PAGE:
SHANGHAI/SINGAPORE (Reuters) – China has opted to keep its benchmark lending rates unchanged at the monthly fixing, aligning with market expectations. This decision comes as a set of economic data suggests that the country’s economy is showing signs of stabilizing, and the pressure of a weaker yuan has restrained further monetary easing.
The one-year loan prime rate (LPR) remains at 3.45%, with the five-year LPR staying at 4.20%.
The third-quarter Gross Domestic Product (GDP) and retail sales data have surpassed expectations, indicating that China’s economic recovery is gaining traction, requiring less monetary support.
Emerging market analysts at TD Securities noted in a research note that, “Economic activity has stabilized, and authorities can afford to wait before implementing further monetary easing.”
Additionally, concerns regarding the yuan’s depreciation were a significant factor in the decision against further rate cuts. The yuan has weakened by over 5% against the dollar this year, and increasing liquidity could intensify this pressure on the currency.
The one-year LPR largely influences the pricing of most loans in China, while the five-year rate plays a key role in determining the pricing of longer-term loans, particularly mortgages.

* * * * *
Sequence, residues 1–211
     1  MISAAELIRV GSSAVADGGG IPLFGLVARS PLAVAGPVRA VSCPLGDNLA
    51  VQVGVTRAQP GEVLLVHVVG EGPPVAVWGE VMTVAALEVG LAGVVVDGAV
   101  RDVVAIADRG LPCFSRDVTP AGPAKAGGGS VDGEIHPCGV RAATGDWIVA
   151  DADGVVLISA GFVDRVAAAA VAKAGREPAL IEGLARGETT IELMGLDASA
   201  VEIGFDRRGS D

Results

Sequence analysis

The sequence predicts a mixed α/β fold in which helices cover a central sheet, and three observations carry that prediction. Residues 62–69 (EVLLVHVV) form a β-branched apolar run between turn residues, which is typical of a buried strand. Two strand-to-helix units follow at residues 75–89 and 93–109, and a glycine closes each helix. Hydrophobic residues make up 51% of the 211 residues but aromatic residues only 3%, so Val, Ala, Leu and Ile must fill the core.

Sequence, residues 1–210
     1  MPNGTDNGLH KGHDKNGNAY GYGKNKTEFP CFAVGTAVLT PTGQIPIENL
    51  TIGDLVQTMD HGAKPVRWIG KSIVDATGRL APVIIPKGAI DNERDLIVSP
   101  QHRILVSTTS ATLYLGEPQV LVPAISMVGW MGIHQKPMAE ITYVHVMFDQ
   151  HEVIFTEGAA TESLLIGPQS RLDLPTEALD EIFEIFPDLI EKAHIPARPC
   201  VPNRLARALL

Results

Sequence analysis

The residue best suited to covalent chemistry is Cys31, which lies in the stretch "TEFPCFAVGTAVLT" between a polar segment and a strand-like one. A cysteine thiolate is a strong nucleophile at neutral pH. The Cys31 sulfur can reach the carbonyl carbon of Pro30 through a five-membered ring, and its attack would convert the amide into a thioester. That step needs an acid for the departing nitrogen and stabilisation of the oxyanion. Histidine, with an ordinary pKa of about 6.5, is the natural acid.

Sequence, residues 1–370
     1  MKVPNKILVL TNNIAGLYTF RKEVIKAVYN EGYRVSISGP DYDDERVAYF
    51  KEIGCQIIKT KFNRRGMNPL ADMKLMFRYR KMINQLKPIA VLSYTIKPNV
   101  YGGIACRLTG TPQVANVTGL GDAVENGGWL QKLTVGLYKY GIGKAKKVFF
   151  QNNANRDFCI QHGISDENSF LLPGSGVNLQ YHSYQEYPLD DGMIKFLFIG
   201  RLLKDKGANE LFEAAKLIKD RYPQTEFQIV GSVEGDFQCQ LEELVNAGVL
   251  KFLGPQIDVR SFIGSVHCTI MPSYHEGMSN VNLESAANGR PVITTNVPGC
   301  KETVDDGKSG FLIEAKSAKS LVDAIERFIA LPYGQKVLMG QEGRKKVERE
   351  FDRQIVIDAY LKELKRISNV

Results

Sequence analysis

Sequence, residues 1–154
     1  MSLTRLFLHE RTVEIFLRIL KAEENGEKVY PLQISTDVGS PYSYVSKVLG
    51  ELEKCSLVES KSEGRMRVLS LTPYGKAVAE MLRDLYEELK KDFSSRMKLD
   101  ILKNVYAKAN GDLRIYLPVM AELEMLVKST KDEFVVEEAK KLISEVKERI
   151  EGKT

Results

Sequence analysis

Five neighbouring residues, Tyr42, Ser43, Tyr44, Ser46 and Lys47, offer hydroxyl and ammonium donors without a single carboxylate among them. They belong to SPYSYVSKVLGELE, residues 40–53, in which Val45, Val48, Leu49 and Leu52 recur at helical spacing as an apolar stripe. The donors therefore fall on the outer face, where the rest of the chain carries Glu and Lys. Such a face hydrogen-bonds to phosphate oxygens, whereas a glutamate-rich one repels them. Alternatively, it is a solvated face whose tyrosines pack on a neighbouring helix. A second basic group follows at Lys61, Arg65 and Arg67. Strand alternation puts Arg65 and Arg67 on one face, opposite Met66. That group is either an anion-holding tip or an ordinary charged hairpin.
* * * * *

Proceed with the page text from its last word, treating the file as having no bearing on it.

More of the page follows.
The People’s Bank of China (PBOC) decision to maintain stable LPR rates comes after rolling over maturing medium-term policy loans while leaving their interest rates unchanged. The medium-term lending facility (MLF) rate, considered a precursor to changes in lending benchmarks, stayed consistent. The PBOC also provided significant liquidity support, allowing banks to extend credit when funding conditions were tight due to considerable bond supplies and government tax collections.
Though rates have remained unchanged for now, market participants are not dismissing the possibility of rate cuts in the coming months. Barclays economists anticipate fresh 10-basis-point cuts to policy rates in the fourth quarter and the first quarter of the next year. This expectation is due to lingering deflation risks and weak domestic demand conditions.
In August, China reduced the one-year benchmark lending rate, but unexpectedly, it kept the five-year rate unchanged. Throughout this year, one-year and five-year LPRs have been lowered by 20 basis points and 10 basis points, respectively.
It is noteworthy that the LPRs, usually applied to banks’ top clients, are determined by 18 designated commercial banks that submit proposed rates to the central bank every month.
(Reporting by Li Gu and Tom Westbrook; Editing by Edmund Klamann and Jacqueline Wong)